By David Stevenson on Thursday 28 September 2017
Just a few short years ago, a glorious vision descended on the frequently fevered world of finance and investment. It was best expressed by a slide at an early AltFi conference, entitled "Banks. RIP?"
As financial disruption coursed its way through the system after the global financial crisis, banks were seen as Public Enemy Number 1. Megabank CEOs must have felt like they were marked men (for they usually are... men... sadly) with the regulators toughening up on everything and upstart tech outfits eating into their profitable sidelines such as FX and payments.
As is always the case with these bold narratives, there was, of course, a huge amount of boasting and hype in this argument. From the very beginning, for instance, alternative finance platforms have been perfectly happy to work with banks where appropriate. Deals between the likes of Santander and Funding Circle or Metro Bank and Zopa (for lending) suggested a more nuanced, symbiotic model where banks would happily use rival platforms if they felt they could improve returns or offer customers an alternative product. But in recent years this line between Incumbents and Upstarts has blurred even further with fintech firms taking the leap and turning into banks in all but name.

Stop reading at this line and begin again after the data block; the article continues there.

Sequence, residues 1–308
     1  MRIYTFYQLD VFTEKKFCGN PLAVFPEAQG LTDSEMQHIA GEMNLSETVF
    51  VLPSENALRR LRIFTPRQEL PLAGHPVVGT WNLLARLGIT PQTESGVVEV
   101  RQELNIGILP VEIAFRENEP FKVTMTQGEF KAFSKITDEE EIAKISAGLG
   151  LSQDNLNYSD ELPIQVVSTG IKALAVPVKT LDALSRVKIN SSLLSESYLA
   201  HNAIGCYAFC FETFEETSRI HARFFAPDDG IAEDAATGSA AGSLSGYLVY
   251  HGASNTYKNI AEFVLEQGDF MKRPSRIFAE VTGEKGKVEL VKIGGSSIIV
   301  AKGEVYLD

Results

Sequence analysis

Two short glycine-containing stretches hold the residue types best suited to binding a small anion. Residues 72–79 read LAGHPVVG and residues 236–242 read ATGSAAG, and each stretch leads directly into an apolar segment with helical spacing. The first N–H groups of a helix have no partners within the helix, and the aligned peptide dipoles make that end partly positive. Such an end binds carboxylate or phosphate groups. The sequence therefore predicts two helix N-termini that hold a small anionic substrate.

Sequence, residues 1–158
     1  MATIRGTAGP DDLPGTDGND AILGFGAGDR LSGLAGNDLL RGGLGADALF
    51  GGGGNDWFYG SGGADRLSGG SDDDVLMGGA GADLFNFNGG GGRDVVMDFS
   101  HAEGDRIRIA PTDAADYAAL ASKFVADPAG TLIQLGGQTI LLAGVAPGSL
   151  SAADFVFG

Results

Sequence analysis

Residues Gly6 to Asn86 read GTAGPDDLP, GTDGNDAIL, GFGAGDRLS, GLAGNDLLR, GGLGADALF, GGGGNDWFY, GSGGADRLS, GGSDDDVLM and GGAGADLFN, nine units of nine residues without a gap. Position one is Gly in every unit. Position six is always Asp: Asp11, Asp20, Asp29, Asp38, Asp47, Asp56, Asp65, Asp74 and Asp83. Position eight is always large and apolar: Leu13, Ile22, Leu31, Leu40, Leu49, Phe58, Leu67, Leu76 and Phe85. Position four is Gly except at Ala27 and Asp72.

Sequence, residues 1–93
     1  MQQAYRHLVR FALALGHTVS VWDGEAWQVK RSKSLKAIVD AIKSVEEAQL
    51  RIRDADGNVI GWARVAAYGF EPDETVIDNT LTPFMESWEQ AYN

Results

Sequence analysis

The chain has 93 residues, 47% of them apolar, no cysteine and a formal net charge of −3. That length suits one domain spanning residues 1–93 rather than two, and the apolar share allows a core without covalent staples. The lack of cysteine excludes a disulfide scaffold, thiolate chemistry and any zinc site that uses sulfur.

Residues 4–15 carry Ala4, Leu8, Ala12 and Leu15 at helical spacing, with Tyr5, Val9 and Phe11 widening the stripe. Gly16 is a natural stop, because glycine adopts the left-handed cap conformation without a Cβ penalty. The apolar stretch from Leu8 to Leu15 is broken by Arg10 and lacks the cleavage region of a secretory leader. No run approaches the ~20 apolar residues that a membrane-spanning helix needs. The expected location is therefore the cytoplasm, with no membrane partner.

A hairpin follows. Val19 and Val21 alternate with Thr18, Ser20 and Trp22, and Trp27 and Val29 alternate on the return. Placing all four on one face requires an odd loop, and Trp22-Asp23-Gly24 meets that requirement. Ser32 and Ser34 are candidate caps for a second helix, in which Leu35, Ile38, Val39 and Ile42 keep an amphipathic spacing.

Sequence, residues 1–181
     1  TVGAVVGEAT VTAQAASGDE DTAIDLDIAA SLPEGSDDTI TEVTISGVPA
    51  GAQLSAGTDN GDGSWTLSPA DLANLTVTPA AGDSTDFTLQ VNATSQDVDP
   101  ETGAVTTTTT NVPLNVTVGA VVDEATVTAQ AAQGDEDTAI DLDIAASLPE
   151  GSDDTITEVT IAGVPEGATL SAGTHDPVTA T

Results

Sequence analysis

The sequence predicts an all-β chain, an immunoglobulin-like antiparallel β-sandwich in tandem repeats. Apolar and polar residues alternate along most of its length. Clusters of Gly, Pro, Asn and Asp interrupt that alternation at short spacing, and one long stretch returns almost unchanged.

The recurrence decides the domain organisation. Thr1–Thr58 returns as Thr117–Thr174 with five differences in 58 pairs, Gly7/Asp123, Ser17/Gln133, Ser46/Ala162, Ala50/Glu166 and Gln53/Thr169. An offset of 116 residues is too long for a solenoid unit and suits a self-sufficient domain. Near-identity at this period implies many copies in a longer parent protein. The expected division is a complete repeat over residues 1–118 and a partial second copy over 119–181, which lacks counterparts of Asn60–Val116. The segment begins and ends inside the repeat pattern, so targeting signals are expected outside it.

Crucially these are from isolated examples of a turn towards banking. I know anecdotally of at least half a dozen fintech movers and shakers exploring a banking license. I also wouldn't be remotely surprised if digital payment outfits such as Revolut turn into a bank in the not too distant near future.
So, given this new rapprochement, does this mean the Banking RIP thesis is dead? I would tentatively suggest it is. Banks aren't going anywhere very soon - and I think most sensible altfi businesses now need to give serious consideration to becoming a bank.
Why the sudden turn-around in fortunes for banks as a business form?
In part it's a story of regulatory success. The central banks have in fact done a fair job of tightening up the rules and they have also become much more pro-active in anticipating future risks. They've made banks a bit more boring but also more reliable. If ordinary customers seriously felt like bolting into the arms of a new financial proposition they'd have done most of the fleeing after the GFC. By and large, they didn't because banks now seem much safer.
This has helped underline another central insight. Banks are still trusted as the primary aggregators of financial and investment products. For every 1 customer - like me - who raves about the idea of having best of breed suppliers for each of their key financial services, there's another 9 who will just pick the boring incumbent (the bank). They know the banks sell them crap, but they simply can't be bothered to properly search the market - they are just too busy on social media or watching Netflix box sets. They'll take slightly more expensive incumbency any day.
This, in turn, allows the banks a fantastic cross-selling platform to peddle rubbish - and the occasional excellent product. This cross-selling opportunity is crucial for any fintech business largely their core product is likely to be low margin, whereas every cross-sell is incredibly lucrative in margin terms.
But I would also argue that the real driver towards adopting a banking model is much baser, and simpler understand.